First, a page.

REVIEW: Dacia Duster

Dacia Duster. (© Jean-Brice LEMAL)

When Dacia introduced their Duster to Ireland in 2012, they described the ‘no frills’ car as ‘shockingly affordable.’ The Romanian-built car arrived as we were nearing the end of a recession and it proved to be a popular buy for many Irish motorists who were looking for a bargain.

We have had another ‘boom and bust’ since then and who knows what the future holds right now. But the Duster still offers ‘shockingly affordable’ value, with prices starting at just under 22k.

Dacia was created in Romania in 1966, with a clear objective: to provide modern, reliable and affordable vehicles to the people of Romania. It was dubbed Dacia after the name given by the Romans to the region now known as Romania.

Renault took over Dacia in 1999, marking a strategic shift. Dacia thus became a Groupe Renault brand, opening up a new era in terms of quality and distribution. Dacia has very done well in Ireland over the past decade and the Duster and Sandero have been their best sellers.

Earlier this year the new version of the Sandero was voted Continental Compact Car of the Year by the Irish Motor Writers.

The Duster is a neat SUV with a high driving position. It’s not luxurious, but it’s efficient and the only complaint I heard from family members was that the doors were a bit noisy when closing.

Overall, Dacia say that cabin noise has been halved with extra sound absorbing surfaces and thicker front windows. The driver’s seat is now more adjustable, and new electric power steering makes light work of parking. Rear legroom is adequate, and the boot has 445 litres of space.

Dacia Duster interior. (© Jean-Brice LEMAL)

I like the dash and the simple lay out of the radio and air conditioning controls. In addition to the controls on the dash you also have slave controls at the side of the steering wheel. You also get a good old-fashioned style handbrake where you can be sure it has engaged when you pull it up!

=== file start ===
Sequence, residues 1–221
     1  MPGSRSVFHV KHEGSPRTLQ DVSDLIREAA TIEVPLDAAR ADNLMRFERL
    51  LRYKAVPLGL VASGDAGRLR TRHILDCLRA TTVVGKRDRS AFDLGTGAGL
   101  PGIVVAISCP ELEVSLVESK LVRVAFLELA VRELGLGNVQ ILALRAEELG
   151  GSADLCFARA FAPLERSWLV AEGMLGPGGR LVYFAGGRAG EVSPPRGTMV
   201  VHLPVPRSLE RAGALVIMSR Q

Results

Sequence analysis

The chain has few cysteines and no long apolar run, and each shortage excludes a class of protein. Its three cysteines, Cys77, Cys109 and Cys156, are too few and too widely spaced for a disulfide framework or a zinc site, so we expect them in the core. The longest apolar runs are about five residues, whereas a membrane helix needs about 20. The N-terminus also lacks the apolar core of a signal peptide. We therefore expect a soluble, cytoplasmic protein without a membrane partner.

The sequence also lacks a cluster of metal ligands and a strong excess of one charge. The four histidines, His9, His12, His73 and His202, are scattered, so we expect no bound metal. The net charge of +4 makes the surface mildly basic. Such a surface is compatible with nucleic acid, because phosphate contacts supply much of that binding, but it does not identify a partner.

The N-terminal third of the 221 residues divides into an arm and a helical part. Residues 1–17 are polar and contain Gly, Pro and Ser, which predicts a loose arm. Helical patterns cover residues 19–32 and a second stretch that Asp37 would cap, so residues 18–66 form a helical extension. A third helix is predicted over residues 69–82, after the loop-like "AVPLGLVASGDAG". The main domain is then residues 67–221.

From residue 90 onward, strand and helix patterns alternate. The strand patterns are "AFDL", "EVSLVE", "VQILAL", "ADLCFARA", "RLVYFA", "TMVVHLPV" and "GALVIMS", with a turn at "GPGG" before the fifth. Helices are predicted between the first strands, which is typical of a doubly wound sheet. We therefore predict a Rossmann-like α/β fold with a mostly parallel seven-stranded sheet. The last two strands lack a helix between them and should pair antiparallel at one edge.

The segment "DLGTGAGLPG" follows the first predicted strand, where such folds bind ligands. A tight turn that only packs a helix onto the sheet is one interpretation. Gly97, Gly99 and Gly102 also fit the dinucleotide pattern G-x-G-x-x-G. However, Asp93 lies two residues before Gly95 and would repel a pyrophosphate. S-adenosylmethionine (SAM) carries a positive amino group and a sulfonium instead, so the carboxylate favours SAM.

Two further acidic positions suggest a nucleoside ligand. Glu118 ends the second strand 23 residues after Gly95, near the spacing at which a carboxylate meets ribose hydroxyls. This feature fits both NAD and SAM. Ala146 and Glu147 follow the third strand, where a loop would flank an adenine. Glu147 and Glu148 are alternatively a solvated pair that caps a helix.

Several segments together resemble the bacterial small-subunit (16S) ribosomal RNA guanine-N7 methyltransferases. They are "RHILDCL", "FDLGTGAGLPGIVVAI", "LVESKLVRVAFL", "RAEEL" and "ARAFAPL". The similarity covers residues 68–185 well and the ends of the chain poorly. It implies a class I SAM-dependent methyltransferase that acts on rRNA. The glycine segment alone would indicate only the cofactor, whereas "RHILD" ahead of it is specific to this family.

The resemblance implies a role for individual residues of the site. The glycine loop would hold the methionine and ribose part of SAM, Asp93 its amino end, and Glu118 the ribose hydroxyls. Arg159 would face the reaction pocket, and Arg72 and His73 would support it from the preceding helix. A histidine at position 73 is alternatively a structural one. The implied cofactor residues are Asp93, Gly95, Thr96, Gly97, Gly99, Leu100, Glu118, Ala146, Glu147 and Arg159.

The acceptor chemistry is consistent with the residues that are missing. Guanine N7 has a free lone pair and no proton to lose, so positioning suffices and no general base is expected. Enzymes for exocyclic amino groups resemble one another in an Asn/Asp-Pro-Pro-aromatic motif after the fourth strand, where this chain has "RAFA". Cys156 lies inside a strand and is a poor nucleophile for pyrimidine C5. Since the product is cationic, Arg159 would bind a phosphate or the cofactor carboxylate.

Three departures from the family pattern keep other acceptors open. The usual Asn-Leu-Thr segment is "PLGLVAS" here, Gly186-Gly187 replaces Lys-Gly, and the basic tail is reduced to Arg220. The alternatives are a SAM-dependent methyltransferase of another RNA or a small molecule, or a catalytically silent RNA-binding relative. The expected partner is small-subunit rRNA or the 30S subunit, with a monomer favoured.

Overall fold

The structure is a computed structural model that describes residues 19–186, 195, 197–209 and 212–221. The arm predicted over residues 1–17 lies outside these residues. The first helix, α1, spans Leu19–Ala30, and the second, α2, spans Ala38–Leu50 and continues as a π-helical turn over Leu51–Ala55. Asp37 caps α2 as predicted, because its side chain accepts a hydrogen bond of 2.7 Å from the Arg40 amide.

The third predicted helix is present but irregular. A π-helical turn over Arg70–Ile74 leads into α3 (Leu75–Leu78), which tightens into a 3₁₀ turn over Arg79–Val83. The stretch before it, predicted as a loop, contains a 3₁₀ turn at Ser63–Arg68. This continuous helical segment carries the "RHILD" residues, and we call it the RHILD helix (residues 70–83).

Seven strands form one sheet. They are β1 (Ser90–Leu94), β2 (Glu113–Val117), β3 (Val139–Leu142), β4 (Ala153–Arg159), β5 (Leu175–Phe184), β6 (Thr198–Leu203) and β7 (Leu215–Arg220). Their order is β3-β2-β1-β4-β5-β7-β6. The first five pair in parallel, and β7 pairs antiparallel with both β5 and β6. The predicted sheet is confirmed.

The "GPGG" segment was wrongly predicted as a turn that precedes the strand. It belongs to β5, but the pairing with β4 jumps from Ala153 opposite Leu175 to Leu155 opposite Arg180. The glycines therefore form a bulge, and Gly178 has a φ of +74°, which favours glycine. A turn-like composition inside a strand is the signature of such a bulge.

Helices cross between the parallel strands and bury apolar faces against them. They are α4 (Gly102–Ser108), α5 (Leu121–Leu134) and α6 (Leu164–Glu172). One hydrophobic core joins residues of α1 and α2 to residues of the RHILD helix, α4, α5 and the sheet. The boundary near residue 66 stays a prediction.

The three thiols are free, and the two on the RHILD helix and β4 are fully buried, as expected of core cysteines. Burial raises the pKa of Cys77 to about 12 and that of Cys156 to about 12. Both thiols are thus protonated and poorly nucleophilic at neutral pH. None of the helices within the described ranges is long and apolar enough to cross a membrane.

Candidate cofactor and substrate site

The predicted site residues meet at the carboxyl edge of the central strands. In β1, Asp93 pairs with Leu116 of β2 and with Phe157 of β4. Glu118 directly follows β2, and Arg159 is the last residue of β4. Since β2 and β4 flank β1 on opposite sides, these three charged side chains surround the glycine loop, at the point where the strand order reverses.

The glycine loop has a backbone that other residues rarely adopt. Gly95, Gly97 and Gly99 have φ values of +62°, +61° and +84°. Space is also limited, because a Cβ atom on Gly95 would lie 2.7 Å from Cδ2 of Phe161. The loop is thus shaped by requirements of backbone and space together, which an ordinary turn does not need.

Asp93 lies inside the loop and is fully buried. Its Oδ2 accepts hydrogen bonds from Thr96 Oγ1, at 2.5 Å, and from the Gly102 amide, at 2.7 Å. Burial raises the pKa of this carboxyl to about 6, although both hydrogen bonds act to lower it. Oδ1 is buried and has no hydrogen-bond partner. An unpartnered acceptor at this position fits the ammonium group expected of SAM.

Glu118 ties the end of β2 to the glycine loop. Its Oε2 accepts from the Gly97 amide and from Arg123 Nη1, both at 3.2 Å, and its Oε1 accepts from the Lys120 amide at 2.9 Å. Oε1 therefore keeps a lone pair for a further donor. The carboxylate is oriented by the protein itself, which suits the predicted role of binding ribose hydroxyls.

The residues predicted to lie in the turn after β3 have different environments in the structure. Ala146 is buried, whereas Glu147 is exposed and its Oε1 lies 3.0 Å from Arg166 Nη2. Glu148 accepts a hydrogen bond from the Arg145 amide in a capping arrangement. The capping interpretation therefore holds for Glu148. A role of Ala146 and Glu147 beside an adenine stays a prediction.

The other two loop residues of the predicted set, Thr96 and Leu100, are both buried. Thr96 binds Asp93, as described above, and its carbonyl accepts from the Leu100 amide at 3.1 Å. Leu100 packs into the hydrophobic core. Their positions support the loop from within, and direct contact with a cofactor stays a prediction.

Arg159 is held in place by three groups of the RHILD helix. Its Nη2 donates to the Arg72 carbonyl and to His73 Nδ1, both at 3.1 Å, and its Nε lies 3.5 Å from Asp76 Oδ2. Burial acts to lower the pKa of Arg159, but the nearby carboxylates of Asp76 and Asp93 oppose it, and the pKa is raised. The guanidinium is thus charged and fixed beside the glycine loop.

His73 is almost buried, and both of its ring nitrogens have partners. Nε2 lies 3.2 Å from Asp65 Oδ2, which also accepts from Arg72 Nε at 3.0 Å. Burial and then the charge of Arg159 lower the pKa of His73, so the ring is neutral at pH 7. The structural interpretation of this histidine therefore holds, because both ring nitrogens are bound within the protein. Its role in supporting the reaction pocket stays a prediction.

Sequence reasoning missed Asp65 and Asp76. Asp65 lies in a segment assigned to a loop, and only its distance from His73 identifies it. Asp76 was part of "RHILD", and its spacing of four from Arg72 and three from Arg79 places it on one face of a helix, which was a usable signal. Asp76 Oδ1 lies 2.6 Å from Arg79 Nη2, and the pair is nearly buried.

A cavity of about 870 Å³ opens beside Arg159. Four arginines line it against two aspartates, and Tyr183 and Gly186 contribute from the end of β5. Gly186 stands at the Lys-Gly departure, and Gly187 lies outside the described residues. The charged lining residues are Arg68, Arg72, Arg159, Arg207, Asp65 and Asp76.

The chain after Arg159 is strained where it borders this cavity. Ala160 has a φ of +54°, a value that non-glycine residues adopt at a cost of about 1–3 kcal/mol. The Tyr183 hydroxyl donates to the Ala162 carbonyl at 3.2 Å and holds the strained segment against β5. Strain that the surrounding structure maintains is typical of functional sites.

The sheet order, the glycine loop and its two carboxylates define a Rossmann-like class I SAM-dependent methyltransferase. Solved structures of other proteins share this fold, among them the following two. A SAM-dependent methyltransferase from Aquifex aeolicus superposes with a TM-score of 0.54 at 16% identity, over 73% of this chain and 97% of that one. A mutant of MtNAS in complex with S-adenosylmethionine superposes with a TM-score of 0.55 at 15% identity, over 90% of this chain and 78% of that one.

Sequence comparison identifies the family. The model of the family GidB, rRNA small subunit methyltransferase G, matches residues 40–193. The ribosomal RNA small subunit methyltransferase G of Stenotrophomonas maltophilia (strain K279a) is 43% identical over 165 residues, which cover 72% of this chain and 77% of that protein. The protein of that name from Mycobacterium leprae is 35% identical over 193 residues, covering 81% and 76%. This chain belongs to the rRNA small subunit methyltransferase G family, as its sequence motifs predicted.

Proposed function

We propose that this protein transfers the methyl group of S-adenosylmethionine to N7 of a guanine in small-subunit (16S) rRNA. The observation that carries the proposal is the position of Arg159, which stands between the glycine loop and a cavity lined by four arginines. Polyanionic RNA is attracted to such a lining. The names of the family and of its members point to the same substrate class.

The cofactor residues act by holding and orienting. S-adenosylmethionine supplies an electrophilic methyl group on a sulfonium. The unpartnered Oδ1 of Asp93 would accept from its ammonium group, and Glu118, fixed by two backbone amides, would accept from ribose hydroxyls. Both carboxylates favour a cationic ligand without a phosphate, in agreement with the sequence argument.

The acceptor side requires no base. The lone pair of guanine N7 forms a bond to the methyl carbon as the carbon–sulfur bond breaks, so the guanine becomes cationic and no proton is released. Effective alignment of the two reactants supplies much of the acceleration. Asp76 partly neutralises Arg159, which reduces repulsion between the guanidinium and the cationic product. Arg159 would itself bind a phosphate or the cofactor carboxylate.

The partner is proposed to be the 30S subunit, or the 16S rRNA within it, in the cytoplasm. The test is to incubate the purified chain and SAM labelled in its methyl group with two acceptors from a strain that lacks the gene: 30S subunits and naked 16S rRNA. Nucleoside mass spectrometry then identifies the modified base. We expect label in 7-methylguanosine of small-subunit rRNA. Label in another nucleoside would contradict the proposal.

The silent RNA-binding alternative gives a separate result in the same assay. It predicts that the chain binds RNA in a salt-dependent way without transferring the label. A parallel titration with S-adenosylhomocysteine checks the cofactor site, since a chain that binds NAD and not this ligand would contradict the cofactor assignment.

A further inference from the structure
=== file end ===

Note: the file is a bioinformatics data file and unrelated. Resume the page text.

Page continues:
The boot is a decent size, but surprisingly no spare wheel. I remember in an earlier model you could get a spare wheel for an extra €100, but that offer doesn’t seem to be available this time round.

My test car, a Blue dCi 115, came in a Slate grey colour, but the official photographs supplied by Dacia were a Desert Orange colour which showed how attractive the car looks. It was a really the most frugal engine I have driven this year and the fuel gauge was definitely the slowest moving part.

Back in 2012 the price of the entry level Duster was around €14,990. By 2016 it had risen to €16,690 which was still very attractive if you wanted to buy a spacious new four-door, five-seater car.

The only slight criticism is a problem with all Dacia cars in that the speedometer highlights, 70km, 90km and 110km, which is not much use to Irish motorists as our speed limits are usually 60km, 80km and 100km.

You probably don’t need me to tell you that the price of most imported items seems to have increased since Covid-19 struck. Now ten years on from its introduction to Ireland the starting price of Duster has risen to €21,109.

My test model which had a few extras items like reversing camera, will cost you €25,035, which is still ‘shockingly affordable’ for a fine solid car where the fuel gauge moves ever so slowly.

Dacia Duster. (© Jean-Brice LEMAL)